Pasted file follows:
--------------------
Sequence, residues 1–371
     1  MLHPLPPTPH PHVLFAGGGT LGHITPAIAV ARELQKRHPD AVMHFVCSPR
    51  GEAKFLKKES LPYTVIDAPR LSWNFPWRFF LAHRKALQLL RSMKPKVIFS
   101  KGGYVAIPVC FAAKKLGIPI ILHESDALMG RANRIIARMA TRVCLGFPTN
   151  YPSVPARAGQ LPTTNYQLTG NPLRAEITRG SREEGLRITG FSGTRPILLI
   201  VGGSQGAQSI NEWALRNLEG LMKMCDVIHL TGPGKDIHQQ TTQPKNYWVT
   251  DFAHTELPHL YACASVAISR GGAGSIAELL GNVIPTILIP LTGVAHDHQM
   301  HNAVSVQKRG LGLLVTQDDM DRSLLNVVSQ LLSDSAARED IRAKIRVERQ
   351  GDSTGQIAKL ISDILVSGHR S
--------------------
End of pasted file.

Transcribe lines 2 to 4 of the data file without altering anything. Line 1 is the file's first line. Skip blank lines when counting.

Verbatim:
     1  MLHPLPPTPH PHVLFAGGGT LGHITPAIAV ARELQKRHPD AVMHFVCSPR
    51  GEAKFLKKES LPYTVIDAPR LSWNFPWRFF LAHRKALQLL RSMKPKVIFS
   101  KGGYVAIPVC FAAKKLGIPI ILHESDALMG RANRIIARMA TRVCLGFPTN